In retail, however, going-out-of-business signs have become more common at stores and restaurants.

The biggest rise in vacancies was in Perrysburg/Northwood, where empty stores and restaurants increased to 14.4 percent from 8.5 percent at the end of 2007, CB Richard Ellis said.

Also experiencing a steep rise was the south/southwest area of metro Toledo, where vacancies increased to 12.4 percent from 11.5 percent.

Among retail casualties last year was the Value City Furniture store on Woodville Road. Most retail vacancies, however, have involved smaller shops in strip centers.

In some situations, plans for new grocery stores are on hold, CB Richard Ellis reported. Doubts about the regional economy caused most retailers to pull back on growth plans. agents said.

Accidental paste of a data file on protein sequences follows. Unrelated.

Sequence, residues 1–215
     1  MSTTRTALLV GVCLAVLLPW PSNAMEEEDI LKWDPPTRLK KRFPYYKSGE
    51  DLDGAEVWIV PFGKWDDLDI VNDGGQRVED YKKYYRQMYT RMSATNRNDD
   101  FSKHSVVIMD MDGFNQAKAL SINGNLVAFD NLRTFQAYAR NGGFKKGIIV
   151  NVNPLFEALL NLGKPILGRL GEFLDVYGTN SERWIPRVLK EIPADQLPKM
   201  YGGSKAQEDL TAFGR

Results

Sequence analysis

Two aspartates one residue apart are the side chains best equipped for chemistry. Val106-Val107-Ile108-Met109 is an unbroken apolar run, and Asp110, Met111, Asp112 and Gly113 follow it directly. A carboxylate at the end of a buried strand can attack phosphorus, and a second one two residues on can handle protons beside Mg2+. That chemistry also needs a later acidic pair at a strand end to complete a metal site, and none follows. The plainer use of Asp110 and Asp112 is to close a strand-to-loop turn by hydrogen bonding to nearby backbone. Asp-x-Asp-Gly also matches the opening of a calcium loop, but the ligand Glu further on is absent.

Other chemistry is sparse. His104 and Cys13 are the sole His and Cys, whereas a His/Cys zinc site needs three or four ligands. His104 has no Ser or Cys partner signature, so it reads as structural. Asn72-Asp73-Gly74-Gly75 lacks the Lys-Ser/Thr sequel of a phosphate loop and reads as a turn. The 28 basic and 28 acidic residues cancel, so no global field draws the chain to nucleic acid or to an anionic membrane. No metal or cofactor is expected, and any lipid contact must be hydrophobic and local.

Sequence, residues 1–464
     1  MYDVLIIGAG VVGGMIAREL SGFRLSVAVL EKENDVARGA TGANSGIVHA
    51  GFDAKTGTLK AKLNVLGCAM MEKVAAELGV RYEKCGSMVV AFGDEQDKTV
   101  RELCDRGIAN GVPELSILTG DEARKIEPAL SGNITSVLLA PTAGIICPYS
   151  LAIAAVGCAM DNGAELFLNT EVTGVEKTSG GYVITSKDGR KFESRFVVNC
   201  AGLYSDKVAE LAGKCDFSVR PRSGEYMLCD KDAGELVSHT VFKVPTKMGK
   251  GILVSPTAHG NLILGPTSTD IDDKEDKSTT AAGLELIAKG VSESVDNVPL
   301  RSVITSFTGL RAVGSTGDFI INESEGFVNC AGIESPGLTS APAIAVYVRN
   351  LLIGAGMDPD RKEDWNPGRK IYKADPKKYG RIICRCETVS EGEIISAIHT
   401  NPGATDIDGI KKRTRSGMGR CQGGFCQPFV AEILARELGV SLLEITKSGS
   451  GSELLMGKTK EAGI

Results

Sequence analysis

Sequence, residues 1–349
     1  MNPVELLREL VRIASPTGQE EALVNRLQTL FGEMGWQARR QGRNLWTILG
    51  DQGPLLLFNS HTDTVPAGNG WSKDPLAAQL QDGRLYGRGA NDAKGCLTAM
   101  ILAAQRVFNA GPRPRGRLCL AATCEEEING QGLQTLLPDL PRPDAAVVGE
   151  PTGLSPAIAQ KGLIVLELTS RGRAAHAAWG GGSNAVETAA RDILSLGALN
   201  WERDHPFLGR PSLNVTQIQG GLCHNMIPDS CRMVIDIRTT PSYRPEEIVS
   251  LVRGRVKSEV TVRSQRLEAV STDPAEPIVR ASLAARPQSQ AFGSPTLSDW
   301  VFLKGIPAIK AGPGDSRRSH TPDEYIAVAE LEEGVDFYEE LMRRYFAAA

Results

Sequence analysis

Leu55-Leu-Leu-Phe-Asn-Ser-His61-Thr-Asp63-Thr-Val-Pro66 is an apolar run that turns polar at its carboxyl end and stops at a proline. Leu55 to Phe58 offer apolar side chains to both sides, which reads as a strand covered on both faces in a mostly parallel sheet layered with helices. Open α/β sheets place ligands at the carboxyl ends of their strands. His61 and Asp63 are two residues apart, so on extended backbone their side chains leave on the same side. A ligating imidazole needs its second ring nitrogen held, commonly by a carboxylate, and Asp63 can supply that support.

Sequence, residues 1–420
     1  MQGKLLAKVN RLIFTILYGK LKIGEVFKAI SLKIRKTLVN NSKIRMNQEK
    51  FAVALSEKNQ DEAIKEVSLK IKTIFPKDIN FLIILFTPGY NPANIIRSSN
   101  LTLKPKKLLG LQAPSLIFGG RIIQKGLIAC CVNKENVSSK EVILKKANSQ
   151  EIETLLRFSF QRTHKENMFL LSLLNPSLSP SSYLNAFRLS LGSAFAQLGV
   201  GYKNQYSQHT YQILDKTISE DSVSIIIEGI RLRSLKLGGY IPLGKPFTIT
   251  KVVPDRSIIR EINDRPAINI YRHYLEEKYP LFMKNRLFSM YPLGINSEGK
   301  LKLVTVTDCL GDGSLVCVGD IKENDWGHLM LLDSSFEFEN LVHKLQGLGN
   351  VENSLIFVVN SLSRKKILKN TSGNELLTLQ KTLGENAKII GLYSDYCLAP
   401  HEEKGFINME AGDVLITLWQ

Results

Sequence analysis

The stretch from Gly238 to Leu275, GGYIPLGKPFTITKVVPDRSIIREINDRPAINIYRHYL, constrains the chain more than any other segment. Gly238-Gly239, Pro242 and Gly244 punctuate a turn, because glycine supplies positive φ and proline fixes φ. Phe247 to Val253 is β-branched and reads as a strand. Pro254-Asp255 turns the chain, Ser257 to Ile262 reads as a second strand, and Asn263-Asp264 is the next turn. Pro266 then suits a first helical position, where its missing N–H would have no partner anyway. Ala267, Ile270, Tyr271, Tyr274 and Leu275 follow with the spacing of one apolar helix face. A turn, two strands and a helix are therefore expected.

As the retail market has deteriorated, tenants have demanded rent cuts from landlords either out of necessity or because they recognized the timing was right, said Mr. Pollex, of CB Richard Ellis.

Average asking rents for offices dropped to $16.04 a square foot annually from $16.14 at the end of 2007.

Industrial rates dropped to $3.32 a square foot from $3.44. But retail rates rose slightly to $8.76 a square foot from $8.55.

Experts attribute the seeming paradox to the fact that much of the vacated retail space was in newer, higher-quality buildings that tend to fetch higher rents.

Several restaurant chains such as Taco Bell have delayed plans to expand in the area, said Germano Bressan, a retail specialist with Signature Associates in Toledo.

They re waiting to see what is going to happen this year.